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12 Year Olds Getting Bikini Waxes: Why Do Women Do Such Terrible Things to Their Vaginas?

Pouring burning wax onto their genitals has become the norm for many women. Why?
 
 
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When a Cosmo headline promises to help readers get a “sexy vagina,” you know we’ve gone wrong somewhere. Here, all this time, we’d thought that if we had just one inch of sexy on ourselves, it resided in our sex organs. We figured maybe, just maybe, the place where their penises go might turn men on. We thought perhaps the millions of males who paused their VHS tapes of the 1992 movie Basic Instinct at a certain moment when Sharon Stone uncrosses her legs for all the world to see a flash of her goods -- and the millions more who continue to search for this screen-shot online to this day -- might have been predisposed to like pussy. (Then again, that is a hot white mini-dress she wears; maybe they just appreciate the simplicity of the design.) What we’re saying is we didn’t realize it could be such a chore to sex up the part of us that performs the sex.

Oops, take that back: We did realize it. We’ve realized it since the late ’90s, when suddenly it wasn’t just porn stars who found it an every-day necessity to hire a lady to pour hot wax onto their genitals, then rip it allll off, to, you know, keep things tidy down there. Organized. Sexy. In fact, a startling number of us pledged complicity to this trend -- known by the seductive term Brazilian bikini wax -- for something so painful, given that, unlike porn stars and swimsuit models, we couldn’t even claim it as a tax write-off. Among women in American urban centers, this has even become the norm, as routine as a manicure-pedicure or highlights, more routine than a dentist appointment. It is no mere biannual affair, after all. Keeping your honeypot sexy takes dedication, darling.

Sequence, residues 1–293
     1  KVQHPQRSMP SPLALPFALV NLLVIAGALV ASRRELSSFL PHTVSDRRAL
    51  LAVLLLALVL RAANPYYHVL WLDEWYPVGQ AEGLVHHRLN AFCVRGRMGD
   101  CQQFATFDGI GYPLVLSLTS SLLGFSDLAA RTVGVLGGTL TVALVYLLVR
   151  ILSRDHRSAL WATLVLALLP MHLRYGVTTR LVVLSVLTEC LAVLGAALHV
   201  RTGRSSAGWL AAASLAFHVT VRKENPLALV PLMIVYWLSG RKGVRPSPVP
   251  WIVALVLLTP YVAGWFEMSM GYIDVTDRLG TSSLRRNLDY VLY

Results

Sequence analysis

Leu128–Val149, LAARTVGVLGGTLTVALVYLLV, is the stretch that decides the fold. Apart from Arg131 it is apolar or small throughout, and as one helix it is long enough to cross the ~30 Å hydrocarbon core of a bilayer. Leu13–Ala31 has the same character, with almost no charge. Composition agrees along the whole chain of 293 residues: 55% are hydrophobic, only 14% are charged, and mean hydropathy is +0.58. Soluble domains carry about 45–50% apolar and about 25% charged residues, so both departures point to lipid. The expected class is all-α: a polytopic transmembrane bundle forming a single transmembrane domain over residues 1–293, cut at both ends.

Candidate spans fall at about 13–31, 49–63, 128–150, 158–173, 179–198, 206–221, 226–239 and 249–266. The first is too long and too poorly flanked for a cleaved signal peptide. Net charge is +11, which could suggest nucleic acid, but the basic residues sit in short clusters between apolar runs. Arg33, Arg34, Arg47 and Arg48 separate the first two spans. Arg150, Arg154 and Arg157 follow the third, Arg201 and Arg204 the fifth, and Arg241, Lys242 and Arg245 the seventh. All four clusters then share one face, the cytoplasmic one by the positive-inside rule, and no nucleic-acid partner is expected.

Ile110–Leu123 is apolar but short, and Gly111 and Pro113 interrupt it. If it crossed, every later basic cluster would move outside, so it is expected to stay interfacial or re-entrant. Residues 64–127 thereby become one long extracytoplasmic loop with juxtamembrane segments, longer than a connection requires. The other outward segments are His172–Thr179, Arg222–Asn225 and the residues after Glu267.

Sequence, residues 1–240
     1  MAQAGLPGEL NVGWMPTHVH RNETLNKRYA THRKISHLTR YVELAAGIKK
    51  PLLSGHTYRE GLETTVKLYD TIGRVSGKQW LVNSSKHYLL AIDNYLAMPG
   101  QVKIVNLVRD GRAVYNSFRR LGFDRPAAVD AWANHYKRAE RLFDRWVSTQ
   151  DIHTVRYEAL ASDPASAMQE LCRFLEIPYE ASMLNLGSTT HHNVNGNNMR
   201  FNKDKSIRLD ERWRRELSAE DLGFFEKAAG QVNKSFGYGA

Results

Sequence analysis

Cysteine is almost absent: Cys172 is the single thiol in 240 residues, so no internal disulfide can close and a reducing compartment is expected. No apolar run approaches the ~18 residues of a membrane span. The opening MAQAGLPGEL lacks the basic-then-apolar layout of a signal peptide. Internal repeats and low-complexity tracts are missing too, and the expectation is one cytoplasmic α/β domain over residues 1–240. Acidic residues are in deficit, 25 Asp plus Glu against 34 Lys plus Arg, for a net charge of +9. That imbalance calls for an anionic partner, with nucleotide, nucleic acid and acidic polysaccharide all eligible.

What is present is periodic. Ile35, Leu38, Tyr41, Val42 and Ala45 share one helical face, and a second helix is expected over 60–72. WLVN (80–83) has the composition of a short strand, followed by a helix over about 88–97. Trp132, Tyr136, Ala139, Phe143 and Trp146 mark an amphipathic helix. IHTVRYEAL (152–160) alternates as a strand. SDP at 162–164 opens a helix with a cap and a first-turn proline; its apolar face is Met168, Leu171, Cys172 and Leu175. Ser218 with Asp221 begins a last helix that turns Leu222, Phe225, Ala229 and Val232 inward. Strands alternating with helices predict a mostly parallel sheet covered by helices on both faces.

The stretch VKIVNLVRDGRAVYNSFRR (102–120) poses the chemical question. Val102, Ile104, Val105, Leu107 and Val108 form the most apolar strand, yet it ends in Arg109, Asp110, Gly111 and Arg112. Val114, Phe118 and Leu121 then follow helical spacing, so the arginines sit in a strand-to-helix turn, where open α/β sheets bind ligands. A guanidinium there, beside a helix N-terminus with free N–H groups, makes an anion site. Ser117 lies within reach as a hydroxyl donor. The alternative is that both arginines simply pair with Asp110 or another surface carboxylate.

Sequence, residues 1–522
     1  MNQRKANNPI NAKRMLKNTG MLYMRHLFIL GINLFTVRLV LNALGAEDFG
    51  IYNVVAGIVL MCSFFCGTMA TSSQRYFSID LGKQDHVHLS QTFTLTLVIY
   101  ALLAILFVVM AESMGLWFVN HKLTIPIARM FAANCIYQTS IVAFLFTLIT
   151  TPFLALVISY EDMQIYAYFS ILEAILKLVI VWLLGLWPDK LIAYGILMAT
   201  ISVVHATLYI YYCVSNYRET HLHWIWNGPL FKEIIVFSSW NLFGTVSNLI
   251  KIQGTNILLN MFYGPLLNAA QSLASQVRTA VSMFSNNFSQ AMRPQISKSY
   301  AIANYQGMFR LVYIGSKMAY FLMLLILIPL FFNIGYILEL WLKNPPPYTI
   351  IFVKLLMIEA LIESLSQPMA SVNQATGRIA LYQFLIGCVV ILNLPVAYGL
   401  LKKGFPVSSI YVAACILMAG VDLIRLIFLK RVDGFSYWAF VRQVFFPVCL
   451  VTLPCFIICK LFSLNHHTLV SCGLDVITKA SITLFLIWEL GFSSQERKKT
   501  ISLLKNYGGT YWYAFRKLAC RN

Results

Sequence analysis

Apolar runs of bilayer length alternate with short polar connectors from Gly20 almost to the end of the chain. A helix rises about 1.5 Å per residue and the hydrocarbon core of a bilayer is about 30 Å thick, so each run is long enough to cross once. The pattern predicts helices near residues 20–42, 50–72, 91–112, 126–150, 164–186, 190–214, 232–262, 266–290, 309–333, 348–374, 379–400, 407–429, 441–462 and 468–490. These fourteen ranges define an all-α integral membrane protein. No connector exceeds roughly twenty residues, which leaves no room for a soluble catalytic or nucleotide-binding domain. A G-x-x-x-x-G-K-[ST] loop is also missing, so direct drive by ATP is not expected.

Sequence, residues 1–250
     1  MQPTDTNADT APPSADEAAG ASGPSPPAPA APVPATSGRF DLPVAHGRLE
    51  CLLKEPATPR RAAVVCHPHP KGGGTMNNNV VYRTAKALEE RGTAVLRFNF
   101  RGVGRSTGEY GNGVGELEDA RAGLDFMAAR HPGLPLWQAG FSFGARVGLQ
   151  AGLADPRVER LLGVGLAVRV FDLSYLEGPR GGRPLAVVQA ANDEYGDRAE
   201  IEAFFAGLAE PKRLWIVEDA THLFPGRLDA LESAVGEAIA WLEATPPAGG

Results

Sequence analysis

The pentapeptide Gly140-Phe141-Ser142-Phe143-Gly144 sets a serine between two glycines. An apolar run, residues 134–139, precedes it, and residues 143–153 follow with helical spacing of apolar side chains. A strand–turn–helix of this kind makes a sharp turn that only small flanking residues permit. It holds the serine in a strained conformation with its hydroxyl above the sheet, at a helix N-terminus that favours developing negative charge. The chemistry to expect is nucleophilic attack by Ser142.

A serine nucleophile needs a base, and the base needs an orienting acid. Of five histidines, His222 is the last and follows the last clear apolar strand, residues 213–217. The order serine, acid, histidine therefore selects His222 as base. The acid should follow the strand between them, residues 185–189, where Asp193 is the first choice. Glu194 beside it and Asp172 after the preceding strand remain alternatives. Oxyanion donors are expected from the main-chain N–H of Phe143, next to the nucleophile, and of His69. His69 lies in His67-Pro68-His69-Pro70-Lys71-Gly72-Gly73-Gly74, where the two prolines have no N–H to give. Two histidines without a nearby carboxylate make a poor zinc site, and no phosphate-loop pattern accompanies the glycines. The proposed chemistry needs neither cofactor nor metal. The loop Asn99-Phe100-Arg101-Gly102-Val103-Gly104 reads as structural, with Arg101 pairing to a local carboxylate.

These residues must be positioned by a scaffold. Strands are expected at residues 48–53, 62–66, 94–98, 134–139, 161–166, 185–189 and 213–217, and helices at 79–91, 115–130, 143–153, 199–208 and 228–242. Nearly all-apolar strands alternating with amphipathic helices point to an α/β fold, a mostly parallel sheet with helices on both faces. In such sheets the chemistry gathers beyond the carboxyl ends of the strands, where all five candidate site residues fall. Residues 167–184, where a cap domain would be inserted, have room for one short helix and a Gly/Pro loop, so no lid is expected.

The question: Why do we do this? And does every rip of the wax take a little bit of our feminism with it?

To figure that out, it’s worth looking back at bikini waxing’s history. There’s some evidence that women in Indian cultures as far back as 3000 B.C. removed the hair in their nether regions. Same goes for ancient Egyptians, who used a honey-based wax. The practice crept into modern America in the 1950s as bathing-suit seams advanced upwards, though in its first half-century or so of existence it involved taking just the hair that extended beyond the panty line -- the procedure now known as the “traditional” or “basic” bikini wax. Models and anyone else whose living depended on their appearance in teeny scraps of clothing accepted it as an occupational hazard by the ’70s -- even bodybuilder-turned-actor-turned-politician Arnold Schwarzenegger later joked that his decision in 2003 to run for governor of California was the hardest choice he’d made since getting a bikini wax in 1978.

It was in 1994 that Brazilians hit U.S. shores. They washed up, as so many things do, in Manhattan. (Give it to New York gals; they’ll try anything!) The J. Sisters, an ingenious group of seven immigrant sisters, introduced trend-starved fashionistas to what they said was all the rage in their native country. “In Brazil, waxing is part of our culture because bikinis are so small,” Jonice Padilha explains on their website. “We thought it was an important service to add because personal care is no longer a luxury, it’s a necessity.”

Such words -- personal care, luxury, necessity, small -- sound like a dare to appearance-obsessed celebrities weighed down by too much money. By 1999, Gwyneth Paltrow, Kirstie Alley, and Jennifer Grey were singing the J. Sisters’ praises. “You’ve changed my life!” Paltrow signed a photo to the J. Sisters that hangs on their salon wall.

 
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